Whether the warrantless seizure and search of historical cell phone records revealing the location and movements of a cell phone user over the course of 127 days is permitted by the Fourth Amendment.
This is a big deal. Right now, federal statute requires only reasonable suspicion for police to get records showing a cell phone’s location over time. This case asks the Court to decide whether reasonable suspicion is enough, or whether the government must instead show probable cause and get a warrant before it can learn where your phone (and therefore, most likely, you) have been for the past few weeks, or months, or longer. (Our state supreme court has addressed similar issues but failed to come up with a majority rule. Now they won’t have to try again.)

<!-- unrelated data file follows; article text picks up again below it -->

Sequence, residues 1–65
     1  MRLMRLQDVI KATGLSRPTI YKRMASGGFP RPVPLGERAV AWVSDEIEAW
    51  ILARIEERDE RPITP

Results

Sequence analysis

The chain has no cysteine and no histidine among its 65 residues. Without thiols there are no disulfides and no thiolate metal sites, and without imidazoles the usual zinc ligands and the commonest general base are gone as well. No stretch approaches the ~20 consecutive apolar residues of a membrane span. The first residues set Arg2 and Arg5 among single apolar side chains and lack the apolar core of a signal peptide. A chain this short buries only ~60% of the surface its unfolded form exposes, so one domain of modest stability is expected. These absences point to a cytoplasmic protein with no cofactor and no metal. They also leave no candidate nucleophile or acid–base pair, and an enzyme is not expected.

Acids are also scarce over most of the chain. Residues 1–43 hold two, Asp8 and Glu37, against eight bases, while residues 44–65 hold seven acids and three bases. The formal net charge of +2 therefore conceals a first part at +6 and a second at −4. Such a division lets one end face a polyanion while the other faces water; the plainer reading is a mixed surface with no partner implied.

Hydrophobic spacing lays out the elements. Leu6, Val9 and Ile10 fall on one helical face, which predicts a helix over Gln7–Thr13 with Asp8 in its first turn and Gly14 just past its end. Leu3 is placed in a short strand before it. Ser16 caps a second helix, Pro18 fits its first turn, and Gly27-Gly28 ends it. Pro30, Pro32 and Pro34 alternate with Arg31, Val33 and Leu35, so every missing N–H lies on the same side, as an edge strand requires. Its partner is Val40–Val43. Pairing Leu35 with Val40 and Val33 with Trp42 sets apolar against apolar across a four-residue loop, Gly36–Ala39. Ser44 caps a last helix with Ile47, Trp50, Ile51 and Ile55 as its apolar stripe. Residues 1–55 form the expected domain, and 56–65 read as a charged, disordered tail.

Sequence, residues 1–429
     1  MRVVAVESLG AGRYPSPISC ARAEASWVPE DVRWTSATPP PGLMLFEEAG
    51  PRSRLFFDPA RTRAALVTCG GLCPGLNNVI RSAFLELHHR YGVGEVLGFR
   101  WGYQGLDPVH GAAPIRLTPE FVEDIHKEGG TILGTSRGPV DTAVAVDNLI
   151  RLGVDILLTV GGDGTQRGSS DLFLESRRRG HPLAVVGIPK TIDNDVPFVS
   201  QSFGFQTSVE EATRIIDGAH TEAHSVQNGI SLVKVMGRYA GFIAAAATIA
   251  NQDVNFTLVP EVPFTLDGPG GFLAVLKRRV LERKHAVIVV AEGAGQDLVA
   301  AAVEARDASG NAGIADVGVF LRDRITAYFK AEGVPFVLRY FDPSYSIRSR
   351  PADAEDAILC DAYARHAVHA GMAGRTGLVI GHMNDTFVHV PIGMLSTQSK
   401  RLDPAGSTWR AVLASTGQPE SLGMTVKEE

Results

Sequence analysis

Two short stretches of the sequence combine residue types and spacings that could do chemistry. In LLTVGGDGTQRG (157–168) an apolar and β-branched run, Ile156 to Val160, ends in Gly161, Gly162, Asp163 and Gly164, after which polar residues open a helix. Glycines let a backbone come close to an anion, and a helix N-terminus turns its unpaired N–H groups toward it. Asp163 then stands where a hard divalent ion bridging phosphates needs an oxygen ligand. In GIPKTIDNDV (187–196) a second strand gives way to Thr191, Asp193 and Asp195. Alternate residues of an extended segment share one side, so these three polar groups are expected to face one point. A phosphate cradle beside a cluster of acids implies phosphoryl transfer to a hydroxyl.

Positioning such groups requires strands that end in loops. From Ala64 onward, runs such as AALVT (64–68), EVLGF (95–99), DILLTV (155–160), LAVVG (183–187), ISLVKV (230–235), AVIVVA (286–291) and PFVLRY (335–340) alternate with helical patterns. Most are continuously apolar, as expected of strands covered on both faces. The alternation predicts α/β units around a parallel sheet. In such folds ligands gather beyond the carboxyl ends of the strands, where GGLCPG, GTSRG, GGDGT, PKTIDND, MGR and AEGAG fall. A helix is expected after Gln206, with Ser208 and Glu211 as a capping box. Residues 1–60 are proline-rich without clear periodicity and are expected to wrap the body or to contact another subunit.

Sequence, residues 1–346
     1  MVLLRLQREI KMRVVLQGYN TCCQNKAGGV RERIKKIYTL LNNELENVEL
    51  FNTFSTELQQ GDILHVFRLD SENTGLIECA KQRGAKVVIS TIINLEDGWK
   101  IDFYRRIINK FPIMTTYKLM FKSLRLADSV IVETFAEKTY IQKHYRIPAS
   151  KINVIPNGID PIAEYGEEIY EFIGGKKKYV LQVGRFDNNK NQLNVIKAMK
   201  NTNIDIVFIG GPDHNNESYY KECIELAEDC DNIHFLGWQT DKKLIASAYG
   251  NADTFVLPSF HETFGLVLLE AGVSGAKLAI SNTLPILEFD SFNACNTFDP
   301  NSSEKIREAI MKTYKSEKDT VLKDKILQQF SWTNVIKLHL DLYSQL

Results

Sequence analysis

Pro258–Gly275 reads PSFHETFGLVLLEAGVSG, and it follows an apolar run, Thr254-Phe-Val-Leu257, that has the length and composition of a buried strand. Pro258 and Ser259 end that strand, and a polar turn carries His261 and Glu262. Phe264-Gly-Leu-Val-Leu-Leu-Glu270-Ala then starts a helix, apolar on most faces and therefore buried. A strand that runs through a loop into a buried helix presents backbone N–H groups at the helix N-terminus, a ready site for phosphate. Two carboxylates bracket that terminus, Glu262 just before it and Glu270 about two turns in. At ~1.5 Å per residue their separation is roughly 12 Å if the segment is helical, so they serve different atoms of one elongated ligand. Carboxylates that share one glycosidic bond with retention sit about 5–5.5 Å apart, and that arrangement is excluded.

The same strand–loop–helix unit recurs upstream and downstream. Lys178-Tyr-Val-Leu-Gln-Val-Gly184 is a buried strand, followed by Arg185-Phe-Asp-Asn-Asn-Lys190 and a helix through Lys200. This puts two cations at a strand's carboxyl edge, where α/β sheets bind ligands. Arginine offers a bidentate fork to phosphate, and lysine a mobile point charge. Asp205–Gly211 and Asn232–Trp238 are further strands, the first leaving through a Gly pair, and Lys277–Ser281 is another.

Per the petition, government cell-phone tracking is not a rare occurrence–for example, a single carrier, AT&T, received 75,302 law enforcement requests for location information in a single year. Obviously, being able to place a particular person in a particular vicinity at a particular time is of great value to police and prosecutors. It also has obvious potential for abuse. To know a person’s location over time is to know a great deal about that person’s ostensibly private life. The utter pervasiveness of cell phones will likely mean that the Court can’t simply rely on modest extensions or modifications of existing precedent to reach a sensible set of rules–it will have to address deeper questions about the privacy, that the Fourth Amendment is supposed to ensure.
Which is why this case is about more than the (already important) specific question presented. We can’t say it better than Orin Kerr, who has done a great deal of work in this area, and we won’t try. Read his essential post at the Volokh Conspiracy and stay tuned for what should be a fascinating (and momentous) decision.